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Bitul - Nullification of Non-Kosher Food

- One of the most important issues in the area of Kashrus is the nullification of forbidden foods. If non-kosher food becomes mixed with a greater amount of kosher food, the non-kosher food becomes nullified (batel). There are two ways to achieve this nullification.

I. Bitul b'Rov = Nullification in a Majority

A. If similar tasting, cold, dry foods are mixed together, the non-kosher food becomes nullified if there is a simple majority of kosher food in the mixture, i.e. there is more kosher food than non-kosher food in the mixture.

B. The majority halachic opinion is that of the Rashba [Rabbi Shlomo Ibn Aderes, the Rav of Barcelona (1235-1310)]. The Rashba, in Toras HaBayis 4:1, holds that Bitul b'Rov is based on the idea that if any part of the mixture is removed to eat therefrom, we may assume that piece is from the majority (kosher) food. The same person may even eat the last piece, although the entire mixture should not be eaten all at once (see also Yoreh Deah 109:1). Some rule that the last piece should be discarded.

C. Certain foods need more than a simple majority to achieve bitul. These foods are Terumah (the Kohen's share of most produce), Challah (the Kohen's share from dough), and Bikurim (the Kohen's share of the first ripened seven species fruit).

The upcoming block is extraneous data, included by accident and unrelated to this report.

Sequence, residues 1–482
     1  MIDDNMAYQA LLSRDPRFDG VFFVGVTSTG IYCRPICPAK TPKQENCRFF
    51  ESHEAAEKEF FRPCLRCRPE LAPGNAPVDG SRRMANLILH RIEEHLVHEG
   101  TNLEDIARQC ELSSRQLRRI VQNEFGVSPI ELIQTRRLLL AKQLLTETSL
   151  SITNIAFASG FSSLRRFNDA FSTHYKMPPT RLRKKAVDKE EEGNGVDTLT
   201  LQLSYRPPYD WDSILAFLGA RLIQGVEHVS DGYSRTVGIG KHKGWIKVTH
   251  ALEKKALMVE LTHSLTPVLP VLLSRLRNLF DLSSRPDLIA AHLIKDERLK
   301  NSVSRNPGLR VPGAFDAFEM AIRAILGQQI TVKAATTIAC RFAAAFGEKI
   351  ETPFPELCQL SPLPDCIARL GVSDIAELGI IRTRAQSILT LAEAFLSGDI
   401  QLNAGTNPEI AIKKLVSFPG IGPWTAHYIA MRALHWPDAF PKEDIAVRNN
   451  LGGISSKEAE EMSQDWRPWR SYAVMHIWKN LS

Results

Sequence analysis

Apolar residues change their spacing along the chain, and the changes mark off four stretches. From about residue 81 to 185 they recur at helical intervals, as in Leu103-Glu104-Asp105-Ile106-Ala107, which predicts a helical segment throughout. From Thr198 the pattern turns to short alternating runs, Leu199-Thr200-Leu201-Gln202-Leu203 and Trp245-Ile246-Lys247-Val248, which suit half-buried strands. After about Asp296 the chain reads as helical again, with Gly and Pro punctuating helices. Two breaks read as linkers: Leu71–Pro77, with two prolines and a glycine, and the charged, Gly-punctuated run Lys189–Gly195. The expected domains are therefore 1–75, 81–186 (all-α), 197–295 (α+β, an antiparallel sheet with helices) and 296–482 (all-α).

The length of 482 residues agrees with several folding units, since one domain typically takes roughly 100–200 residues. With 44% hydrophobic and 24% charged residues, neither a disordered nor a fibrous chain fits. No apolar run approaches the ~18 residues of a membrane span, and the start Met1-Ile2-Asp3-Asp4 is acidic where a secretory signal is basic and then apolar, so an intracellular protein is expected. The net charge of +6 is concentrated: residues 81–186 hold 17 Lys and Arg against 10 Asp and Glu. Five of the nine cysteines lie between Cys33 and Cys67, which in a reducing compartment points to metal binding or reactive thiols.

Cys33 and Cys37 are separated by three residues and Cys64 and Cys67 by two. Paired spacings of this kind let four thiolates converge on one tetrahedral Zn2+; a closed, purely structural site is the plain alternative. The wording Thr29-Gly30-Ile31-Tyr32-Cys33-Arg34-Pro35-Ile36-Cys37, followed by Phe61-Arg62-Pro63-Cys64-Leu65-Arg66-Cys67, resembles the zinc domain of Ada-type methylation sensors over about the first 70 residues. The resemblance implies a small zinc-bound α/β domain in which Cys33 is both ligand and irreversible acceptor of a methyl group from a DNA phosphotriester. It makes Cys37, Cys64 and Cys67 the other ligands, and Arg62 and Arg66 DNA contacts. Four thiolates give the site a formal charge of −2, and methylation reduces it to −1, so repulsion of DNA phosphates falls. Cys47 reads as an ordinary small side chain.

II. Bitul b'Shishim = Nullification in a Ratio of Sixty

A. This type of nullification is applied to mixtures where the taste of the non-kosher food is noticeable. Since we have the principle of Taam k'Ikar, "the taste is the essence", food assumes the characteristics of the taste. If non-kosher food is added to the mixture and the taste is noticeable, bitul b'rov is not possible. The food must be nullified only in a ratio of 60/1, kosher to non-kosher food.

B. According to the Torah, Bitul b'Shishim is required in these cases:

1). Foods do not have the same taste (min b'sheaino mino)
2). The foods are mixed or cooked together

C. The Rabbinic prohibition extended this idea requiring Bitul b'Shishim in these cases:

1). Similar tasting foods that are mixed or cooked together
2). Similar tasting liquids mixed together
3). Different tasting foods, even if not cooked or mixed together

D. Summary:

Bitul b'Shishim

Different tasting solids
Similar tasting, cooked or mixed together solids

Bitul b'Rov

Similar tasting, uncooked, and non-mixed solids (unless subsequently cooked, then bitul b'shishim)

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